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Of course aerodynamics factors into this question, and the faster you are moving the more air you have to push out of your way, the more energy you use. But would the difference be only a small percentage change or would it be a lot more than that. Essentially would a certain unit of energy be able to move a certain unit of mass a relatively fixed distance, or will that distance be reduced with increases in speed.

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The drag on a moving object is given by the approximate expression:

$$ F = \frac{1}{2} \rho v^2 C_d A $$

For my Ford Focus $C_d$ = 0.32 and $A$ = 2.12 m$^2$. The density of air at STP is about 1.2 kg/m$^3$, so at the UK motorway cruising speed of 70 mph (31.3 m/sec) the drag is:

$$ F = \frac{1}{2} \times 1.2 \times 31.3^2 \times 0.32 \times 2.12 = 399 N$$

The power expended in overcoming this drag is force times velocity:

$$ P = F v = 399 \times 31.3 = 12.5kW $$

If we do the same calculation for 50 mph (22.35 m/sec) we get P = 4.5kW. The batteries in the EV1 electric car hold from 16 to 26kWh depending on which battery pack was used. Assume my Focus has a battery with the higher capacity then at 70 mph we get a range of 146 miles and at 50 mph we get 289 miles.

In practice I don't think the difference is as great as that. With my (petrol fuelled) Ford Focus the fuel consumption at 50 is about two thirds of that at 70, and the calculation above suggests I should see about a halving of fuel consumption. The difference is presumably down to frictional and viscous losses in the engine and transmission.

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"With my (petrol fuelled) Ford Focus [...]" Internal combustion vehicles have a speed and gear-train dependent engine efficiency factor which really wrecks merry havoc with this kind of BoTE work. My father-in-law really does see the difference between 45 and 65 (MPH) in his Prius, and often chooses the slower back roads when he isn't in a rush because of this. – dmckee Feb 27 '13 at 20:36
You got 12.5kW and 4.5kW, isn't that be suggesting a 3x spread instead of a 2x spread? – Dan Neely Feb 27 '13 at 21:09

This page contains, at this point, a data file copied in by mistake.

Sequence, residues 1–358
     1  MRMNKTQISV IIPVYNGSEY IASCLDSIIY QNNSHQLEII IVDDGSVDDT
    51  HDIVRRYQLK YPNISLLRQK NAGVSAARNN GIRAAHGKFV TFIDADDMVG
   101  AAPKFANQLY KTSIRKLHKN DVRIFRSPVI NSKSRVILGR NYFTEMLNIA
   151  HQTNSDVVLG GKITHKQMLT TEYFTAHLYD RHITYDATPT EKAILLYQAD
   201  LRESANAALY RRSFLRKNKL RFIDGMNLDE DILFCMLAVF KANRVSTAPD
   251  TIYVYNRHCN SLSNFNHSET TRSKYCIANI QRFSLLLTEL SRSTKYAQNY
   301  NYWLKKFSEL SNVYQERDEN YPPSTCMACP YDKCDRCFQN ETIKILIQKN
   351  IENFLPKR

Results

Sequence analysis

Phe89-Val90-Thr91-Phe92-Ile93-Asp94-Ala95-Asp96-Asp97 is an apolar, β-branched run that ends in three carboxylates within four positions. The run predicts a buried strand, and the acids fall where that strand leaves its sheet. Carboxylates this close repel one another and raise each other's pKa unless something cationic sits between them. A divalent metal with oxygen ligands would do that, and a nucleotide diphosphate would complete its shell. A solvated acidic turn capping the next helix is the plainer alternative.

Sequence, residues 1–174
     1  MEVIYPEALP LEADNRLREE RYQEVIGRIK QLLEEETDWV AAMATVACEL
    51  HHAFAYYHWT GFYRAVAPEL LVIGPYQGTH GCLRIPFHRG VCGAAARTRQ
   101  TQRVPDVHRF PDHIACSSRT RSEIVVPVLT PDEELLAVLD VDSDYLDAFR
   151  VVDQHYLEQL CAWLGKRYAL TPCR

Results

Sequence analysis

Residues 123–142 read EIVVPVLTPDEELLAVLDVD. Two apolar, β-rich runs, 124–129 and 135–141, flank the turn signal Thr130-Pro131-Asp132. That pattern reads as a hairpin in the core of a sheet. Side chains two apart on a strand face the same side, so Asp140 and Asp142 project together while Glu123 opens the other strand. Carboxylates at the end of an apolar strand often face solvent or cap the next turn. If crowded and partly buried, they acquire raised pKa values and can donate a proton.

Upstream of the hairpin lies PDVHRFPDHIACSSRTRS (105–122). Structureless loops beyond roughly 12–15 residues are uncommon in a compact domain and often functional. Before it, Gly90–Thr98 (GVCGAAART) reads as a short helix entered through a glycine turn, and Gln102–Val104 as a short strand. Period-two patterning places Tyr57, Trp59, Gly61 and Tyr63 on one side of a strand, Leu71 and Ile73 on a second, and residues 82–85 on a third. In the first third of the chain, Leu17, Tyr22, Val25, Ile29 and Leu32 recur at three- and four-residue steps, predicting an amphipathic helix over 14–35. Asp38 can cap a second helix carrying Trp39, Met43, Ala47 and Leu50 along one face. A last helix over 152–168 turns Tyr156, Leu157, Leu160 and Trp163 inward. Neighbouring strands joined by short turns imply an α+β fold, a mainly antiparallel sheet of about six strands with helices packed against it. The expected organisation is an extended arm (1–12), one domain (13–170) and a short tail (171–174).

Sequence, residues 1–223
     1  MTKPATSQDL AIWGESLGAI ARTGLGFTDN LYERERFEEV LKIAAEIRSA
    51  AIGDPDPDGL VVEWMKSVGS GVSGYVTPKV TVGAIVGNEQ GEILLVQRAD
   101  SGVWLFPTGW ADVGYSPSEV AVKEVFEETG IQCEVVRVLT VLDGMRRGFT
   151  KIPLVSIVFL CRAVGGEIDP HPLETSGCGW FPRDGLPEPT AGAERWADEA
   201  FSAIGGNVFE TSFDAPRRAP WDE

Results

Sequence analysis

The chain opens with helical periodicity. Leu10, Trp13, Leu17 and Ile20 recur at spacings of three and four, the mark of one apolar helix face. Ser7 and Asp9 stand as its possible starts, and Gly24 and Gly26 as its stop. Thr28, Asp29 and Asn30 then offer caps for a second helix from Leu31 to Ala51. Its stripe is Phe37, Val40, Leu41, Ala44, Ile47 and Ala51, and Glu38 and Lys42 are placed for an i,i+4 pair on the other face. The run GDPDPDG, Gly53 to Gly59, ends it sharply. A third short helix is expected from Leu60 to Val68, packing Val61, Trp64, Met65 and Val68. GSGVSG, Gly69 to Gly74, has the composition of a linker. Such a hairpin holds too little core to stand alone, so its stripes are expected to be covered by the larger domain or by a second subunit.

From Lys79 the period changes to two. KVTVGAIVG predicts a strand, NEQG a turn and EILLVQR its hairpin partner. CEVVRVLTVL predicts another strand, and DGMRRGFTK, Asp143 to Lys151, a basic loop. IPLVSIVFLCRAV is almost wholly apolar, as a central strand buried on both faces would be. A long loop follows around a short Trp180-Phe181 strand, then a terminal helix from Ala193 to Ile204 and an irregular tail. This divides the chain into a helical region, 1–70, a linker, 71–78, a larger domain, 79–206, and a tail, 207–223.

@DanNeely: remember that at 70 mph the power may be 3x higher but you're moving 40% further in each second. The energy per unit distance works out a factor of 2 different. – John Rennie Feb 28 '13 at 6:43

Air resistance goes up with the square of your speed. Double the speed, quadruple the air resistance. At low speeds, most of your power is used to overcome friction with the ground and in your mechanical systems. Those losses go up linearly. Somewhere around 10-60MPH (depending on the vehicle) the energy required to defeat air resistance becomes higher, and continues to grow faster, than the energy required to defeat friction.

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Sorry for the duplicate response Sparr; I was already far in the response when I noticed there was another. – joshphysics Feb 27 '13 at 18:14

Well there are at least three factors that affect the range:

  1. Energy dissipated as heat through friction inside of the engine/car (there are a lot of moving parts in there that waste a lot of energy).

  2. Air resistance (as you point out).

  3. Acceleration. When a car accelerates, the engine does work.

The air resistance (drag) that a car experiences is proportional to the square of its instantaneous speed at high speeds, and it is proportional to the speed itself at low speeds. In either case, the we see that at low speeds, where air resistance becomes negligible, we have to worry most about frictional energy losses, while at high speeds, we have to worry most about drag.

Having said all of this, suppose we are driving at low speeds in a very aerodynamic vehicle, then our range will increase significantly if we don't start and stop constantly. This happens because starting and stopping requires acceleration, and acceleration requires a large amount of energy to be expended because the engine needs to do work to propel the car forward. So to be most efficient, you should generally drive at a relatively low speed without stopping.

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